It's not an if, it's a when.
Pentagon officials have indicated that they plan to send as many as 15,000 more troops to Iraq during the first four months of 2005, and President Bush continues to insist that ''we will stay the course'' until Iraq is stabilized.
Where will the additional troops come from? The Bush administration insists that there will be no draft, but the ''backdoor draft'' that has kept so many from the Reserve and National Guard on active duty has backfired, as quotas for new enlistments have not been met. So plans are already advanced for fully mobilizing the Reserve and National Guard.
But how many troops would be needed to stabilize Iraq? The well-respected International Institute for Strategic Studies in London, before which the president spoke last November, says 500,000. Army Chief of Staff Eric Shinseki told Congress publicly before the war that ''several hundred thousand'' troops would be needed. It turns out that he was asking for 400,000, fully aware that Defense Secretary Donald Rumsfeld was planning to attack and occupy Iraq with just a fraction of that. Rumsfeld gave him the back of his hand.
At this point, to be unaware of the requirement for additional troops while watching the burgeoning chaos in Iraq, requires a Ph.D. in denial. Indeed, cracks can be seen within the president's own camp regarding what is happening in Iraq.
While the president promotes the bromide of ''months of steady progress'' in Iraq, Sen. Chuck Hagel, R-Neb., calls this a ''grand illusion.'' Last month, Secretary of State Colin Powell gave tacit, but unambiguous support to the gloomy conclusions reached in the recent National Intelligence Estimate.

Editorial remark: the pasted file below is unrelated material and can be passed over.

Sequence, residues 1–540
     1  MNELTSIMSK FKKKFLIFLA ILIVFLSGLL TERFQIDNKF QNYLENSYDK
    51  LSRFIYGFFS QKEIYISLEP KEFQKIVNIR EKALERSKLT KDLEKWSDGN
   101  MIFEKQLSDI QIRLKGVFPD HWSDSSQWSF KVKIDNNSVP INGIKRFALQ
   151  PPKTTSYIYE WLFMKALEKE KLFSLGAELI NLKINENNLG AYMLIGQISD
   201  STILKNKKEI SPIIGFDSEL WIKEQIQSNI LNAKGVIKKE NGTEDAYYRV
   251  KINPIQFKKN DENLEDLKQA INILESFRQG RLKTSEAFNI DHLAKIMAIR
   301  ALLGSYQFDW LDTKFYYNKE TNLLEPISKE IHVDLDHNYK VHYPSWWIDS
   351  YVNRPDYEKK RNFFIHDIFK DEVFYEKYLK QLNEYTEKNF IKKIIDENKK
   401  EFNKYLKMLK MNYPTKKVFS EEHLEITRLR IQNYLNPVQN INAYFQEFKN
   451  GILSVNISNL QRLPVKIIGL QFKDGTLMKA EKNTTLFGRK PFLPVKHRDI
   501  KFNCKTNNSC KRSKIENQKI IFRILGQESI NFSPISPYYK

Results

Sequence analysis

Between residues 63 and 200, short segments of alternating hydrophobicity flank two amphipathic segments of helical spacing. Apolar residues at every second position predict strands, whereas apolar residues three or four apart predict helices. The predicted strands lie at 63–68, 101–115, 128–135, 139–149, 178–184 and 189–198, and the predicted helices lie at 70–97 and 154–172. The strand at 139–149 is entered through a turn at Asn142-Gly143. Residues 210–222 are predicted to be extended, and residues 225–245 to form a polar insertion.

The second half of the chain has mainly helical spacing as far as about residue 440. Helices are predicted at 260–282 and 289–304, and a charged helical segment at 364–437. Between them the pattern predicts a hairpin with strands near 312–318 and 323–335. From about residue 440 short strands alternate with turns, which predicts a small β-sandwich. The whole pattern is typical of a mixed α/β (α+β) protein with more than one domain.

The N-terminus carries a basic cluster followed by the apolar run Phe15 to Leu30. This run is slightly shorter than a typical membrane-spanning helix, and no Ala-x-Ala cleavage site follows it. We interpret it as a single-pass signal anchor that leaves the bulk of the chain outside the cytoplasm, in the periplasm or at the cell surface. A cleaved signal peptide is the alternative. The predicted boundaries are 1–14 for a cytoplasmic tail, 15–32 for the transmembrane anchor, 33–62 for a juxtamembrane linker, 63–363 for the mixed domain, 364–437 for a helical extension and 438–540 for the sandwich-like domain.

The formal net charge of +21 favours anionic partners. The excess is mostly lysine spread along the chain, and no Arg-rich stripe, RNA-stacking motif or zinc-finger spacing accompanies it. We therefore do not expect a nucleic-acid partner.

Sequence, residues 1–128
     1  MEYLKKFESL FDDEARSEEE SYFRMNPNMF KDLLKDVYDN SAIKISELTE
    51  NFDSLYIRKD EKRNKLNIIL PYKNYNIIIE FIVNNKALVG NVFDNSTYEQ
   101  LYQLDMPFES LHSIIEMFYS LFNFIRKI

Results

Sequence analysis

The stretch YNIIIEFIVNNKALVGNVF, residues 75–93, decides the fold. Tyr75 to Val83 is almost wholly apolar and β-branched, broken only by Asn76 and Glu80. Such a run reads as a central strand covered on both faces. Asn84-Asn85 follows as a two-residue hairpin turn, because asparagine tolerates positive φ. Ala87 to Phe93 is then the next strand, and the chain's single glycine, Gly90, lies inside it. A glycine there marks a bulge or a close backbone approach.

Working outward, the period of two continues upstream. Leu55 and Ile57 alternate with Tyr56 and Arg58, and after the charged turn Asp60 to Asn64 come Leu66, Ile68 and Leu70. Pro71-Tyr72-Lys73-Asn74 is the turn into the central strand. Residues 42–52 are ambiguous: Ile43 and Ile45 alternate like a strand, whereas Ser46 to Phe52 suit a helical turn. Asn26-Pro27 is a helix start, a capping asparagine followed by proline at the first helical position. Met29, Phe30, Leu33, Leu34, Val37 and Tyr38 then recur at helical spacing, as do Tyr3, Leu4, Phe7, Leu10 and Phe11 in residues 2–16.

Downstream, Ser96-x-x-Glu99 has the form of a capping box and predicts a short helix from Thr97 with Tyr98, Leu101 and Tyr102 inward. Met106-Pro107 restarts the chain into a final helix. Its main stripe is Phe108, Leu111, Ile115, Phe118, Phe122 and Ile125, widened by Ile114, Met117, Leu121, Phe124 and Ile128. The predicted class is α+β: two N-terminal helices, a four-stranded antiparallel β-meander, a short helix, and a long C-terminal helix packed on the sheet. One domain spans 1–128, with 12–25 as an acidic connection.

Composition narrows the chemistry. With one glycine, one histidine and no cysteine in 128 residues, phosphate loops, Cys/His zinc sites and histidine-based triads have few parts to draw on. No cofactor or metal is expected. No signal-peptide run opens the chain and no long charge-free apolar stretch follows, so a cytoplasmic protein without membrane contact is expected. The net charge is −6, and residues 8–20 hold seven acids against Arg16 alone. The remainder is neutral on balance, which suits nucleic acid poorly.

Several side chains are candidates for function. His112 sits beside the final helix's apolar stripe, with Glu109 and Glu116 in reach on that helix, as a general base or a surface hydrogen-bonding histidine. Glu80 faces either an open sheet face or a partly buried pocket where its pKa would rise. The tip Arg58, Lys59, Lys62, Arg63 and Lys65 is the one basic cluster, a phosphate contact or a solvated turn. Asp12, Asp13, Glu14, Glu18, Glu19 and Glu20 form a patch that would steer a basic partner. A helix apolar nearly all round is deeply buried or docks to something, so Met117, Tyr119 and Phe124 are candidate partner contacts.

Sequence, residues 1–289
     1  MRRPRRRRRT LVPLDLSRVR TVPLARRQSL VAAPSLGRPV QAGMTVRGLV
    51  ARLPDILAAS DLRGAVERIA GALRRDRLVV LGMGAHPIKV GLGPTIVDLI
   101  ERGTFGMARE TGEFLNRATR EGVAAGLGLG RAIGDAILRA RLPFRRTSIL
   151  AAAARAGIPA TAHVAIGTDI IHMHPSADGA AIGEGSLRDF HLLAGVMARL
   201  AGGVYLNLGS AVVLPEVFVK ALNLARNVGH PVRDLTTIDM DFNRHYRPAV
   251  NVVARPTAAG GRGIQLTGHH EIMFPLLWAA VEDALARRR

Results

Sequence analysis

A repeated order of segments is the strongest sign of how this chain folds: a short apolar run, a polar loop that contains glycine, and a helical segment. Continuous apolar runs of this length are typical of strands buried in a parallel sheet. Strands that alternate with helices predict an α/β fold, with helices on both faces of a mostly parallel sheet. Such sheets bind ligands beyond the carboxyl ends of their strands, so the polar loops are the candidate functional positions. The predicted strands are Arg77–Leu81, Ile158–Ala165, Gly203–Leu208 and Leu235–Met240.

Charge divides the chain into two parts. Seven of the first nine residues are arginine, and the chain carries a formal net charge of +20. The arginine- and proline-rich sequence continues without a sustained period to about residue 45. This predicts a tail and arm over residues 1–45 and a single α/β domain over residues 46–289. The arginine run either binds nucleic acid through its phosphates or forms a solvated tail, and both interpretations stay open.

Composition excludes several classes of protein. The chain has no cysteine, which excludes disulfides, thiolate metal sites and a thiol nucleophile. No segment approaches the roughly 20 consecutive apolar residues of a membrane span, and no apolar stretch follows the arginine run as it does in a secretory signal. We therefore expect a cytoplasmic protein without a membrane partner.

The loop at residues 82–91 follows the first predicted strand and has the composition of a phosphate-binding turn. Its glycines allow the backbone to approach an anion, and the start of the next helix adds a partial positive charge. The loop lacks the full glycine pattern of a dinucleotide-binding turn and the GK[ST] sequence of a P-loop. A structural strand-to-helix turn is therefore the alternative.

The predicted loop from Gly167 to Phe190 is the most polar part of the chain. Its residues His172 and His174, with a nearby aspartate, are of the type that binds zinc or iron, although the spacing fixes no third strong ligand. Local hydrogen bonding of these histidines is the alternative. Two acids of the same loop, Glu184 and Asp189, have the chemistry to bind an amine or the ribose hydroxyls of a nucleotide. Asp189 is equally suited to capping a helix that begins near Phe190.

President Bush says that he will provide more troops if commanders ask for them. But it would mean early retirement for any general making such a request before the election.
As for the resistance to U.S. occupation, disingenuousness persists. The president has assured us that there are only ''a handful of people who are willing to kill'' to thwart U.S. aims.
And those interested in learning more about these people are malnourished by ''intelligence'' and forced instead to resort to Iraqi newspaper listings of the various groups who have claimed credit for hitting the invader.
Lack of intelligence
The reality in Iraq was far better captured by retired Army Special Forces Col. W. Patrick Lang, former Defense Intelligence Officer for the Middle East and a member of Veteran Intelligence Professionals for Sanity. In an informal e-mail, Lang wrote: ``The sad thing is that U.S. combat intelligence in Iraq does not seem to know who the insurgents are, where they are, how many they are or what they plan to do.''
A widely respected military strategist and educator, retired Army Col. Sam Gardiner, writing recently for salon.com, reacted bitterly to reports -- now confirmed by Secretary Powell -- that military operations into the ''no-go'' areas in Iraq have been postponed until after the election.
'There is certainly no commander in the field saying, `Let's give the bad guys another 60 days to operate freely inside their sanctuaries before we attack.' Such a decision would be particularly bizarre when attacks against coalition forces are more frequent than ever, attacks on oil pipelines are on the rise, and the U.S. is suffering increased casualties.''
Bush insists that, ''You can understand how hard it is and still believe we'll succeed.'' No you can't -- not if you really understand how hard it is and are honest about what would be required.
It is high time that the administration explained how it is going to ''win'' this war with a troop force widely recognized as inadequate to the task.
Ray McGovern was a CIA analyst for 27 years. He is on the Steering Group of Veteran Intelligence Professionals for Sanity.
© Knight Ridder